On November 28 a number of pastors and theology wonks will hang out here to listen to Stan Fowler, Professor of Theological Studies at Heritage Seminary, discuss the question of whether the biblical Adam was historical. In lead-up to that, I hope to post a series on RearViewMirror dealing with Adam. As Carl Trueman warned in a recent blogpost, the debate over Adam will be a dominant one in days to come. Already there was a controversy related to the subject that resulted in the dismissal of Peter Enns from Trueman’s own Westminster Seminary. Those who espouse theistic evolution like Bruce Waltke or Tremper Longman believe that there was a pre-hominid line that led to Adam in the course of God’s providential, evolutionary leading. So, I’m very interested to see how Dr. Fowler handles the subject.
I begin with a series of posts by Spencer Boersma, a former student of Dr. Fowler’s, and a sometime “gatherer” with us at the Bishop and Belcher. Spencer is a doctoral student in systematic theology at Wycliffe College, University of Toronto; his supervisor is Joe Mangina. Spencer blogs at “After Orthodoxy?” and is an intern at a Fellowship Baptist Church in Bradford, Ontario. While I’m not sure how Spencer would categorize himself theologically, his reading interests include theologians like Stan Grenz, Kevin Vanhoozer, Karl Barth, and George Lindbeck. Philosophically, as he said today, he is more “continental” and prefers the writings of Heidegger and Wittgenstein. Incidentally, Spencer and I shot the breeze over coffee this afternoon.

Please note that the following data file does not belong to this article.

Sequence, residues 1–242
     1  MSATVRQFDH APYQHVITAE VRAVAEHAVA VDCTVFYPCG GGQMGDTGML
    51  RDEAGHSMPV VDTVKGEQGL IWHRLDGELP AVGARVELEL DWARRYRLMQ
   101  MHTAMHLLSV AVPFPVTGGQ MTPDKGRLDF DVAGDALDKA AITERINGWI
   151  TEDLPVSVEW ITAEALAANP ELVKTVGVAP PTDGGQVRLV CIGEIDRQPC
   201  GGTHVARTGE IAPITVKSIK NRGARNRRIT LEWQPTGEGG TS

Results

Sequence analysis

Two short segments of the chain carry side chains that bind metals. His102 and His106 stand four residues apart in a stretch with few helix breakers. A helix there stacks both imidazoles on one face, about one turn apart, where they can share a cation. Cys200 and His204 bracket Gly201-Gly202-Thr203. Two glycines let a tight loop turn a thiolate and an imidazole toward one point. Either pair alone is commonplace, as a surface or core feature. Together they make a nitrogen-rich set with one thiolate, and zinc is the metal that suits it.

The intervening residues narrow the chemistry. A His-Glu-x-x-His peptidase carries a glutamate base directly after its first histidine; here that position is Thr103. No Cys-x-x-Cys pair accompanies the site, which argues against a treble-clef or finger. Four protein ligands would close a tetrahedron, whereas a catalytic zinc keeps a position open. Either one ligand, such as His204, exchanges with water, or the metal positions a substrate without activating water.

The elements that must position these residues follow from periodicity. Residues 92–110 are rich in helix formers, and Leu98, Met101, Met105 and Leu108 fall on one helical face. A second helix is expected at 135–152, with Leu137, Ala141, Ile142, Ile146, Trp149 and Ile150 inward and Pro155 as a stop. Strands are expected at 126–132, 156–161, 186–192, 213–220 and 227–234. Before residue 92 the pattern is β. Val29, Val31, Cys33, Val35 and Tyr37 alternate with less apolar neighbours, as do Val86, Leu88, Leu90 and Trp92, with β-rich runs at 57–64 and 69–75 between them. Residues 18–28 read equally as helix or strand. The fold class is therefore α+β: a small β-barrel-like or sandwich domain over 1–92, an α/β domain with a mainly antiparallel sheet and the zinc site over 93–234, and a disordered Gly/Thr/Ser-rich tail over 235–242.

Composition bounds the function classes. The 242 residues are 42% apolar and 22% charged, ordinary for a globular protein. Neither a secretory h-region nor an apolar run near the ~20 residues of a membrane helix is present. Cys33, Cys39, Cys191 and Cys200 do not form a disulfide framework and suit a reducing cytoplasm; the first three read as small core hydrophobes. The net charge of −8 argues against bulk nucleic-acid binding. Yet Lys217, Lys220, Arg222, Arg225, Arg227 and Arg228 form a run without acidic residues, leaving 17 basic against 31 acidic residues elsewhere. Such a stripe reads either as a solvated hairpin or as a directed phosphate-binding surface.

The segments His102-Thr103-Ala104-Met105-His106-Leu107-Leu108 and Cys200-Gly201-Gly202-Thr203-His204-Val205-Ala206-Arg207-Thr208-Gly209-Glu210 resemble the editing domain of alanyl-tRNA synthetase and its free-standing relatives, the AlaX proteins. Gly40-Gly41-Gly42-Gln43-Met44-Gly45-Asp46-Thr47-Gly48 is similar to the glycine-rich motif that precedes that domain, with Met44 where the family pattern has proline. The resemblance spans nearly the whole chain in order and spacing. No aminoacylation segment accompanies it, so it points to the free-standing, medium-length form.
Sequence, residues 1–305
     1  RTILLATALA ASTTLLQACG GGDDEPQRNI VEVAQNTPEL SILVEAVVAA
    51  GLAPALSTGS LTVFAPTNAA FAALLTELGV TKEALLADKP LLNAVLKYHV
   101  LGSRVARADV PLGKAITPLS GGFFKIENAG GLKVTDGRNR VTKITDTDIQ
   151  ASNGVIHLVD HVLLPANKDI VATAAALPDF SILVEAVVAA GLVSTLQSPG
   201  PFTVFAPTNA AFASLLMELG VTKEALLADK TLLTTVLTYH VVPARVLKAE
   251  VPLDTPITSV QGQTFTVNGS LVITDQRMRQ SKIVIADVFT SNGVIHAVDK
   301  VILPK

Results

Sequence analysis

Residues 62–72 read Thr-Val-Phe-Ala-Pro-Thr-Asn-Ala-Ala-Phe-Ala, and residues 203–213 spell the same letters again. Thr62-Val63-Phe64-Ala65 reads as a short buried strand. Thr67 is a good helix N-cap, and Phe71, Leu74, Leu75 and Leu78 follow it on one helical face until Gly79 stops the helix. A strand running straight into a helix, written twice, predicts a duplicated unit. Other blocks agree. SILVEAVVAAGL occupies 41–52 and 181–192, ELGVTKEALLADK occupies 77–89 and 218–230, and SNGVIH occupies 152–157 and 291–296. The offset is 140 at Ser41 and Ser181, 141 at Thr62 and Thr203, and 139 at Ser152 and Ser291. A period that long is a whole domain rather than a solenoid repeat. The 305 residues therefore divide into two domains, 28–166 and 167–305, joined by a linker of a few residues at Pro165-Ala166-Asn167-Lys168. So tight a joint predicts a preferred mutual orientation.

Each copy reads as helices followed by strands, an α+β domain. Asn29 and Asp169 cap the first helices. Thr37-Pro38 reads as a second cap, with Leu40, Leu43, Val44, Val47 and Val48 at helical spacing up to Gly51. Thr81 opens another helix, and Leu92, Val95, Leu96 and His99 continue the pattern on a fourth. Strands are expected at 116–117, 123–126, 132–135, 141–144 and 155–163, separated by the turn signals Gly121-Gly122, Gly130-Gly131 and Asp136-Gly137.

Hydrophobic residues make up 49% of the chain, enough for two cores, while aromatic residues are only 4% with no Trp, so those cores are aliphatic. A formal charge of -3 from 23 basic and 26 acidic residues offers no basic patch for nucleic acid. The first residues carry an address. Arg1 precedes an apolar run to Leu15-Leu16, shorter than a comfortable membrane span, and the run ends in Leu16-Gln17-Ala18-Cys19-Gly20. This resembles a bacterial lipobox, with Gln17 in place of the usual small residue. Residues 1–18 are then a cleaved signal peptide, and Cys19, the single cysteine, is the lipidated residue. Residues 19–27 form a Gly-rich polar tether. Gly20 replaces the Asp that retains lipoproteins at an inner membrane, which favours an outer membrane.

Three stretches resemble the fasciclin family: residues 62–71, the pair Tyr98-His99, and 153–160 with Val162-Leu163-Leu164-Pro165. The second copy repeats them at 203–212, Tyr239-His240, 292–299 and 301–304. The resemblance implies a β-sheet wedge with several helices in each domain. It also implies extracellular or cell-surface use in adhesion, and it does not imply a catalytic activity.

In this series, Spencer advocates a more Barthian or Brunnerian (?) read of Adam as theologically significant, but not necessarily an historical person. As you can imagine, I would disagree with this.